On October 24, Azerbaijani President Ilham Aliyev arrived in Georgia for a one-day working visit. The abrupt nature of Aliyev’s visit was characterized as “strange” and “mysterious” by many experts in Tbilisi (Civil.ge; Netgazeti.ge, October 24). Indeed, the brevity of the visit and its format raised questions. David Avalishvili of Nation.ge underscored in a November 20 interview with this author that “it looked like an emergency visit caused by the urgent need to discuss important geopolitical issues with the Georgian leadership” (Author’s interview, November 20). He added that the statements of the Azerbaijani president and Georgian Prime Minister Irakli Garibashvili at a briefing near the Chateau Mukhrani, in the centrally located Mtskheta Municipality, did little to clarify the situation. Aliyev’s urgent working visit took place with a clear violation of traditional diplomatic protocols: the Azerbaijani president did not find the time to meet with Georgian President Salome Zurabishvili, to which the Georgian head of state expressed her bewilderment. Earlier, she had asked for such a meeting, though she was never notified about the visit of “the leader of a neighboring, friendly country” (Civil.ge, October 25).
Zurabishvili was supported in her response by a number of experienced diplomats. For example, former Georgian Foreign Minister Irakli Menagarishvili, who served from 1995 to 2004, told this author that he cannot remember a single visit of the president from any country to Georgia without first scheduling a meeting with the head of state, even when the visit was of a working nature. “I refuse to understand and refuse to accept any explanation,” Menagarishvili emphasized (Author’s interview, November 20).
Aliyev left Georgia on the same day he arrived (Agenda.ge, October 24). Earlier, he had said, at a press conference with Garibashvili, that he was ready to implement “new energy projects” to supply gas and oil to Europe via Georgian territory. Here, the Azerbaijani president specifically had in mind sending increased oil supplies via the Baku–Tbilisi–Ceyhan pipeline, expanded use of the Supsa oil terminal on Georgia’s Black Sea coast and the construction of a submarine cable for supplying 157 gigawatts of electricity to Europe (Agenda.ge, October 24).
While Aliyev and Garibashvili did not sign a single official document on energy supplies, the Azerbaijani president’s visit fit into the larger “puzzle” of major geopolitical upheavals in the region, mostly being precipitated by Russia’s all-out aggression against Ukraine. Indeed, Western sanctions against Moscow have effectively changed the “map of energy” and transport routes in the wider Eurasian region (Amerikiskhma.com, October 25).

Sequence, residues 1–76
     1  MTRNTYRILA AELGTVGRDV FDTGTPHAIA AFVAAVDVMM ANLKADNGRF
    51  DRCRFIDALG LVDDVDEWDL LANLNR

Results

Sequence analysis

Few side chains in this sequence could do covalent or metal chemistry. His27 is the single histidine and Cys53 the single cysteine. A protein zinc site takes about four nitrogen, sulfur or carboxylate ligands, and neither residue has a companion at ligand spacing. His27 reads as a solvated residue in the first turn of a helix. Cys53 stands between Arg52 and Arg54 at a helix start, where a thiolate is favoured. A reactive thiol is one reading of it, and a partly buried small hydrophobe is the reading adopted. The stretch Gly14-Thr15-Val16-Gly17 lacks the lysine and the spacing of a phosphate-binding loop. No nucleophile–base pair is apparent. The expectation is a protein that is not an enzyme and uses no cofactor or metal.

The events that took place after Aliyev’s departure from Georgia fully confirm this fact. On October 26, Garibashvili visited Budapest, Hungary, and met with Prime Minister Viktor Orbán. During a joint press conference, Orbán underlined that major energy initiatives are being developed. “It is interesting for us to have new transmission lines to receive energy from Azerbaijan through Georgia,” the Hungarian premier observed. He further argued, “With this initiative, we will save on natural gas, which we currently use to generate electricity. If this electricity is supplied directly to us in the future, then we will no longer need to purchase natural gas to generate electricity.” Orbán concluded that he is “very glad Garibashvili supports this initiative, which is of great importance for Hungary” (Radio Tavisupleba, October 27).
Additionally, it was extremely important to Georgia that Orbán characterized Brussels’ refusal to grant Georgia EU candidate status as highly “discriminatory” (JAM-news.net, October 27).
However, the Chateau Mukhrani agreement between Aliyev and Garibashvili did not only cover electricity-generation concerns. On July 18, when European Commission President Ursula von der Leyen visited Baku, Azerbaijan signed an agreement with the European Union to double gas supplies through pipelines passing through Georgia by 2027—up to 20 billion cubic meters per annum (Azertag, July 18).